As a TRX Master Instructor, I am lucky enough to have access to some really great material. TRX as a company really put effort into ascertaining the efficacy of the products, education and programming we deliver. Recently, I came across this article from the Journal of Sports Science and Medicine that outlines the effects of instability training versus traditional resistance training. There were two tools used (and happily, I have been and am associated with both of them), the TRX Suspension Trainer and the BOSU Balance Trainer. I’ll let you read the article for yourself but, the conclusion reads as follows:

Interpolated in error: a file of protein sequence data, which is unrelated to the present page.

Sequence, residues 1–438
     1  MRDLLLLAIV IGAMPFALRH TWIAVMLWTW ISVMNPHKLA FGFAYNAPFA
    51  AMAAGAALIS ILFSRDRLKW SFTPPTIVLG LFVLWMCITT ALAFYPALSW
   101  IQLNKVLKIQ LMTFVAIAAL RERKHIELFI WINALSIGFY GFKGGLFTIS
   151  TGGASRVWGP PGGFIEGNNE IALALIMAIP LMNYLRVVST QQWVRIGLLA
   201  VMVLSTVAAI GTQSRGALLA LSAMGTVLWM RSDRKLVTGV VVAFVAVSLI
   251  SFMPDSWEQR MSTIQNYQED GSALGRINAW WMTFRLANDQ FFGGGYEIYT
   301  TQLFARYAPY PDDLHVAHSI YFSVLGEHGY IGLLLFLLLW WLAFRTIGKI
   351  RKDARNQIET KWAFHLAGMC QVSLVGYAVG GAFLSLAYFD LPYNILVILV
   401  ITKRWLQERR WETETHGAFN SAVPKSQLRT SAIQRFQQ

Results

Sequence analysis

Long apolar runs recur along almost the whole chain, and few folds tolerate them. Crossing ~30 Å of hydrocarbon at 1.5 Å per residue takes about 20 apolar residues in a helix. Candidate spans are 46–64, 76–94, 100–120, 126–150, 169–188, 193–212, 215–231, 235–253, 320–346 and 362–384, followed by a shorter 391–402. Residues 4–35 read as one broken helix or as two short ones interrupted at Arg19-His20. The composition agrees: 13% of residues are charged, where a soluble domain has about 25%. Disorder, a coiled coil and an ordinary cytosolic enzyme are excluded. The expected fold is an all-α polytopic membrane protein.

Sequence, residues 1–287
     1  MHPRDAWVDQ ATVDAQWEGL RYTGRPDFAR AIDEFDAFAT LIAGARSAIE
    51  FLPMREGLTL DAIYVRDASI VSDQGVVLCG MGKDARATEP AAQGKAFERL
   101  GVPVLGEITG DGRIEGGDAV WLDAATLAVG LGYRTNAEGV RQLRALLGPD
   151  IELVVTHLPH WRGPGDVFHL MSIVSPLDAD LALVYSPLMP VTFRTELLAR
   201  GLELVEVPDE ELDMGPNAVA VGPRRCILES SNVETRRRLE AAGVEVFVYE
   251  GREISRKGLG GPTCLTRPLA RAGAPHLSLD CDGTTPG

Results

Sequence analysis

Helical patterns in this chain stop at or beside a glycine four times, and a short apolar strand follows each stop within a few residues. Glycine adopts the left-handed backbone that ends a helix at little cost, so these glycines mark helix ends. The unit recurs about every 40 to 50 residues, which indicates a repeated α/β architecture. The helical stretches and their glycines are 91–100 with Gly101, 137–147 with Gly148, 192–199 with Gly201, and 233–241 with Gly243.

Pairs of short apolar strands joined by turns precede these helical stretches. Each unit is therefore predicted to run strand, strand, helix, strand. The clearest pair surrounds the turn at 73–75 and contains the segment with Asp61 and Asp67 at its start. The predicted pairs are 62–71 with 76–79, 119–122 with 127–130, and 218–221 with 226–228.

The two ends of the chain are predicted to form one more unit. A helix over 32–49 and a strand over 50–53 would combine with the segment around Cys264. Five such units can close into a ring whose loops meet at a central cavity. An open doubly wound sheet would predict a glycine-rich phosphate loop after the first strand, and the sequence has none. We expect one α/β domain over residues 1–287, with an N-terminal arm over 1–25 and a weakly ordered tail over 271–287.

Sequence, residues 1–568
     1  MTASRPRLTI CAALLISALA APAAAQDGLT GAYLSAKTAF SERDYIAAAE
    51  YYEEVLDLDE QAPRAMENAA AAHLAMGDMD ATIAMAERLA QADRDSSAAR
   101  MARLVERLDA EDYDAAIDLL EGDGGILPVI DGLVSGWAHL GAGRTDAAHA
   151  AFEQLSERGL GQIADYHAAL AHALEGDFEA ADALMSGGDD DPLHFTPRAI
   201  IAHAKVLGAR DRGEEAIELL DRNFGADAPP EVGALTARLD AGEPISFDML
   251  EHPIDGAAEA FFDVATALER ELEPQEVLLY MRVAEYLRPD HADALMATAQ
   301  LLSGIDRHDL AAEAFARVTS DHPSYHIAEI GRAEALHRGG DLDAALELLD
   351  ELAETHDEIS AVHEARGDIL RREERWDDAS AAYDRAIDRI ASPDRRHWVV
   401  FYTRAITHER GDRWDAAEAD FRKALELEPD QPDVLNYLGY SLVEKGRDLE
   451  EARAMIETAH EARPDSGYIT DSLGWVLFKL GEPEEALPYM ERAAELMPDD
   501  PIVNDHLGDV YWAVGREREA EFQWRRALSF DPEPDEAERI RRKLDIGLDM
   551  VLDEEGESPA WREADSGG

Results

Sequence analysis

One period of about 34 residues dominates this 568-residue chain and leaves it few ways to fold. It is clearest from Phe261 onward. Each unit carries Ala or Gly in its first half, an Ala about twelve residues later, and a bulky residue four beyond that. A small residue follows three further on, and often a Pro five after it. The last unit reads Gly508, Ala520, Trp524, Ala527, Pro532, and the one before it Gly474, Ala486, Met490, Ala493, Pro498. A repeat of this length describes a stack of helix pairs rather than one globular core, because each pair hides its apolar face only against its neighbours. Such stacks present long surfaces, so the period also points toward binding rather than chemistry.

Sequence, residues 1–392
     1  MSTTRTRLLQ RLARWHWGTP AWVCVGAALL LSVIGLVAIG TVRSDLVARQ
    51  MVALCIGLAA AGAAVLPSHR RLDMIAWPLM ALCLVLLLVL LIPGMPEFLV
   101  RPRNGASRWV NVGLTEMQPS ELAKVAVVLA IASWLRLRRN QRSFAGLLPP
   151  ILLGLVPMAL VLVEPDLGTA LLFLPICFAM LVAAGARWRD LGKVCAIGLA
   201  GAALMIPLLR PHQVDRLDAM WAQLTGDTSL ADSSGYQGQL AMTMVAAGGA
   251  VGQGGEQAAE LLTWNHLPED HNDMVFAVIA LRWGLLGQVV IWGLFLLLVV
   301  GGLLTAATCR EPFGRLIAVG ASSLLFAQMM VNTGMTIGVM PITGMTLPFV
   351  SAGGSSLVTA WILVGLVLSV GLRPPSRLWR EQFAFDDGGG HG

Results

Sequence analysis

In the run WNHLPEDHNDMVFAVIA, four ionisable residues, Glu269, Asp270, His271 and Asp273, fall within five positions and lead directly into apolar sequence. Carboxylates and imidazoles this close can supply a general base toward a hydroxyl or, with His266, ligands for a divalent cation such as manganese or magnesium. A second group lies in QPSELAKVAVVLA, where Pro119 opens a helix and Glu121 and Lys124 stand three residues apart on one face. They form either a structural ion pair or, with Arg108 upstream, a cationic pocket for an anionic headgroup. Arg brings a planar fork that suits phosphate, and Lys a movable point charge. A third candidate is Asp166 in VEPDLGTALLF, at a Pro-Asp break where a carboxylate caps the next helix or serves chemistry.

‘Healthy, physically-active individuals or with limited experience in resistance training may either use an instability approach using devices that induce instability or undertake a more traditional training program using free weights and weight training machines in stable conditions. For the traditional approach, larger resistance loads are used, which could be more appropriate for developing muscular power and hypertrophy. In contrast, instability training may be a good complimentary option to vary exercise stimuli within a periodised model. For athletes training in sports such as basketball or volleyball at least two or three times per week, the instability approach could be an interesting option to improve sports performance in terms of gains in strength, power, movement velocity and jumping capacity’.